As she attended to the next customer, she glanced at the newcomer out of the corner of her eye as he approached.

He was a spindly slip of a boy with scruffy brown hair that stuck up every which way, giving him the appearance of a walking paintbrush with unruly bristles. Was he really wearing a graphic t-shirt to a job interview?

"You must be Laura," he said, his eyes crinkling at the corners like old denim when he smiled. He extended a hand. "I'm Mike. Well. You've uh, probably figured that out by now.

She just stared at him. She honestly couldn't tell if his awkwardness was endearing or just plain annoying.

He slowly withdrew his hand and rubbed the back of his neck, smiling uncomfortably.

"Can you please tell me where the manager's office is?" he asked, recovering quickly. He then added, "I-if it isn't any trouble."

She jabbed a finger in the direction of the east hall.

"Uh, okay. Thanks, I guess. I'd better get a move on then. Wish me luck." he gave Laura a jittery smile before disappearing down the dark hallway.


Hardly ten minutes later, Mike reappeared, looking like a child who found out that Christmas came early.

"Feast your eyes upon the new night watchman!" he exclaimed, gesturing grandly like a game show host.

She grimaced. No one was proud of working at Freddy Fazbear's Pizza.

"How do I look?" he pulled on his new security guard jacket, which was the same violent shade of purple as the walls. He seemed blissfully unaware of the dirty looks being aimed in his direction. "Pretty snazzy, huh?"


"Well, tonight's the big night. I'm gonna need plenty of shut-eye. Gotta make a good first impression." Mike rocked back and forth on the heels of his old sneakers.

"Well, don't let me stop you." she replied offhandedly, opening a magazine.

After a couple of minutes of silence (well, as quiet as it gets when there are over two dozen children shrieking in a relentless cacaphony of sugar-madness), she slowly looked up. He was still standing there, his hands jammed into his pockets and the corners of his mouth lifting into a small, uncertain, but hopeful smile.

"What?" she asked with a drawn-out sigh, planting her palms on her hips.

Mike tugged at the collar of his Spiderman tee. "Uh, I was wondering...would you...like to uh, I don't know, go out for coffee or something-"


"Well, you uh, y-you seem nice-" He was cut off mid-babble by a derisive snort from Laura.

Nice? The only remotely sunny thing about her was the color of her hair. Mike was either idealistic to a fault or he was one of those guys that couldn't find a date and wound up taking their sister to prom.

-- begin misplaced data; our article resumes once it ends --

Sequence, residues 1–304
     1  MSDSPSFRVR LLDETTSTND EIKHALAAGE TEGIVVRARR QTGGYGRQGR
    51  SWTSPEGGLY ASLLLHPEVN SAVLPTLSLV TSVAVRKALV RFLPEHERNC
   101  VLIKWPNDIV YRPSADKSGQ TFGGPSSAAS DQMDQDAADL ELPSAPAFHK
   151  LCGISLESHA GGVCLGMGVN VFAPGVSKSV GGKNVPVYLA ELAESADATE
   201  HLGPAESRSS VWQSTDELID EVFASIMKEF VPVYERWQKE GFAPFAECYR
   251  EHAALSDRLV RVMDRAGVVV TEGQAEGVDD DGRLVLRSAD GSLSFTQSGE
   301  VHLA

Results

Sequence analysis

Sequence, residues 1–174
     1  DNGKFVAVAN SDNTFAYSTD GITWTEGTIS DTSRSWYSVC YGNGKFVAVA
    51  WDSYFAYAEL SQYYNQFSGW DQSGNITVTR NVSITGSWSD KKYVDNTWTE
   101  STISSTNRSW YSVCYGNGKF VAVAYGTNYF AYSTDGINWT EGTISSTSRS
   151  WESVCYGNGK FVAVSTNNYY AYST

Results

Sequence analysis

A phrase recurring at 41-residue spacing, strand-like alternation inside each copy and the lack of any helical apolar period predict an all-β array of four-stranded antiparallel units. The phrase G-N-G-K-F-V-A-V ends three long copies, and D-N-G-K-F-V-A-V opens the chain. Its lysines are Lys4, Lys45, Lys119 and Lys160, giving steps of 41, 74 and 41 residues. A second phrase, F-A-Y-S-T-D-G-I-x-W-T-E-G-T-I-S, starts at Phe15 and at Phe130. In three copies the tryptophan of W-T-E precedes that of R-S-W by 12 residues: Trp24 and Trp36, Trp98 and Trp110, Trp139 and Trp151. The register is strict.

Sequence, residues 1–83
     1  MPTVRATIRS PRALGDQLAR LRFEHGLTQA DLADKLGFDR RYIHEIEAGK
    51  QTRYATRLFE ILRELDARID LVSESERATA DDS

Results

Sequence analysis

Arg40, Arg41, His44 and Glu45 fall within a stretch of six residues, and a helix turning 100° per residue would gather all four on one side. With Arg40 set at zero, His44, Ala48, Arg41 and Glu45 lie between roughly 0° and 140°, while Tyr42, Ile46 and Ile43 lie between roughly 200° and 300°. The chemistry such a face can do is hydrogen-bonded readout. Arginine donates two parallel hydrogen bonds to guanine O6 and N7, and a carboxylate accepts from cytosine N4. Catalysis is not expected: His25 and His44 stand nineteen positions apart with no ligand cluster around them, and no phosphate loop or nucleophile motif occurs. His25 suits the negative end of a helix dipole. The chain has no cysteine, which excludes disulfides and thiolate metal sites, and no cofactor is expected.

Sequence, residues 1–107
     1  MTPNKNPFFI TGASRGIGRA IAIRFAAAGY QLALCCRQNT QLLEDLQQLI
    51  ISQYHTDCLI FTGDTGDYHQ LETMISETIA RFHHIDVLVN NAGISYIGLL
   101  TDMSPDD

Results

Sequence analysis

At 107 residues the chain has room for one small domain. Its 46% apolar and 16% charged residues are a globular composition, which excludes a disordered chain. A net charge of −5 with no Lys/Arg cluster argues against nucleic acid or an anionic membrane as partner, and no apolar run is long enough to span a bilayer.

He seemed to realize the implications of his words and immediately began to backpedal.

"No, no, no! I-I didn't mean it like that. I don't even like you-"

Laura raised an eyebrow, her eyes flashing behind her horn-rimmed glasses.

"No, I m-mean that I just met you and all!" he said, his face tinged pink with the desperation to get his point across without embarrassing himself further. "I meant as a friend."

"Not interested."

"In coffee, or-"

"In making friends."

Mike blinked as if she had just poured a pitcher of cold water over his head. That probably would have been a bit kinder.

"O-okay, uh, never mind! Bad timing, I guess. Maybe some other time. See you around." he smiled weakly, turning to leave. She sighed again, seeing that she'd have to let him down the hard way.

"By the way, I hope you like your nametag. Made it just for you." she said coolly, her eyes never leaving her magazine.

Mike furrowed his brow before examining his nametag:

Hello! My name is Mike Shit.

He looked at it long and hard before crumpling it up and flinging it to the checkered floor.

"This is exactly why you kids are going to a private school," said an unamused father to his two children who were snickering quietly.

When she finally looked up, she got a fleeting glimpse of a purple jacket disappearing through the glass door. She was being harsh, but she didn't want to give the poor boy false hope. It was for the best.

At first glance, Mike Schmidt didn't seem any different from the rest of the stupid college boys that preceded him. But something about that smile told her otherwise. That he was different. Stubborn. Optimistic.

Optimism would get that boy killed tonight if he wasn't careful.

Well, there you go! I hope you all enjoyed the first chapter. A lot of elements from the first draft of the story are still here. One thing that hasn't changed is that Laura is still a jerkass. And that's all you need to know about her...for now.

Horace Honey Badger's Honey Burgers is a fictional Chuck E. Cheese knockoff I created. It was the silliest, stupidest restaurant name I could come up with.

From the bottom of my heart, thank you for reading! Until then, see you on the flip side!